3.         44 Now all who believed were together, and had all things in common, 45 and sold their possessions and goods, and divided them among all, as anyone had need.

 

It was a sharing Church; these early Christians had an intense feeling of responsibility for each other and were willing to go to great lengths to care for the poor among them.

 

 

4.         46 So continuing daily with one accord in the temple,

 

It was a worshipping Church; they never forgot to visit God’s house.

 

Things can happen when we come together. God’s Spirit moves upon his worshipping people.

 

 

5.        and breaking bread from house to house,

           they ate their food with gladness and simplicity of heart,

 

It was a happy Church; gladness was there and they were simple in heart they were easily satisfied and not preoccupied with what they did not have.

 

 

6.         47 praising God and having favor with all the people. And the Lord added to the church daily those who were being saved.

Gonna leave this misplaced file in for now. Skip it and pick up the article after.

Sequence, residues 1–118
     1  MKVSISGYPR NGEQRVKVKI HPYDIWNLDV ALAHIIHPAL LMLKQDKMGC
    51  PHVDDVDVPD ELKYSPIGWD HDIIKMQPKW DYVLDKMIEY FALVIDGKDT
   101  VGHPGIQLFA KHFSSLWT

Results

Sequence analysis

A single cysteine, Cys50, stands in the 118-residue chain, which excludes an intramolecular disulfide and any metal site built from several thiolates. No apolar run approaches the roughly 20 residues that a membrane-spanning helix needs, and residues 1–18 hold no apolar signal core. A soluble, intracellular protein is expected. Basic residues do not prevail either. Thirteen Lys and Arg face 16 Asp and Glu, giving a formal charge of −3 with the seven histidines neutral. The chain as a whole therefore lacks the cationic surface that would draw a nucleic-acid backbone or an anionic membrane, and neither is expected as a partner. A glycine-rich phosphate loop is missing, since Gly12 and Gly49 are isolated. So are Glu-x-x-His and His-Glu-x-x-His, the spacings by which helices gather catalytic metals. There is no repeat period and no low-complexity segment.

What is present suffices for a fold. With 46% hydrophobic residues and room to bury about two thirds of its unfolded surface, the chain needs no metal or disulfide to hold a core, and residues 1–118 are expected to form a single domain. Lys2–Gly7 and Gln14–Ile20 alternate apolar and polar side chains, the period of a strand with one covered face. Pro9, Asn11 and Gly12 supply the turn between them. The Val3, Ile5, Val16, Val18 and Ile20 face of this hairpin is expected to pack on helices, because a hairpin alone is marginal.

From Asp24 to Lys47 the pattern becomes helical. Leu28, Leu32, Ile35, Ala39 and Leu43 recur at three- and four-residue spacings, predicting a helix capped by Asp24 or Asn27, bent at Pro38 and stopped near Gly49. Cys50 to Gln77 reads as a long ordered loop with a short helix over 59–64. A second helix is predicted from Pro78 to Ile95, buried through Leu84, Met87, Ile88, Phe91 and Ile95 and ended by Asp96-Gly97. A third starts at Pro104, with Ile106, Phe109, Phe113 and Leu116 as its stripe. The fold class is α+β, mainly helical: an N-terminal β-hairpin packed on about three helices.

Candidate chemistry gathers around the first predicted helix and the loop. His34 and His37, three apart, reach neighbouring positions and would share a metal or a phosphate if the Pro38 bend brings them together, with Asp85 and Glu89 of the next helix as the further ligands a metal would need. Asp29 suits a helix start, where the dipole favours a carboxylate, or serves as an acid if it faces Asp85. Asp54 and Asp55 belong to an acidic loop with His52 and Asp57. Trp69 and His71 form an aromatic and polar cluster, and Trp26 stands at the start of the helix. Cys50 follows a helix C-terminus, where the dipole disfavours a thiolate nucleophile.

It was an attractive Church

filled with people others could not help liking.

 

The phrase having favor with all the people is also translated in other versions as “having the goodwill of all the people.”  In reference to the original language this phrase was written in it is important to realize that there are two Greek words for good. Agathos simply describes a thing as good but kalos (the term used here) means that a thing is not only good but looks good; it has a universal attractiveness about it.

 

Real Christianity is an attractive thing. There are so many people who are good but their goodness is tainted by a streak of hardness or self-righteousness. The early Church was not only ethically good but also visibly good.

 

As we enter the New Year 2009, let’s pray that the Church of our Lord Jesus Christ could once again be in all aspects a church that God can grow.  Pray especially for Crossroads Church of Denver that we could embody the characteristics of the early church identified in Acts 2:42-47.

 

Happy New Year,

Maryellen Stipe

 

Please feel free to add your comments and reflections regarding prayer and new vision for the Church (either the church-at-large or specifically Crossroads Church of Denver) in 2009.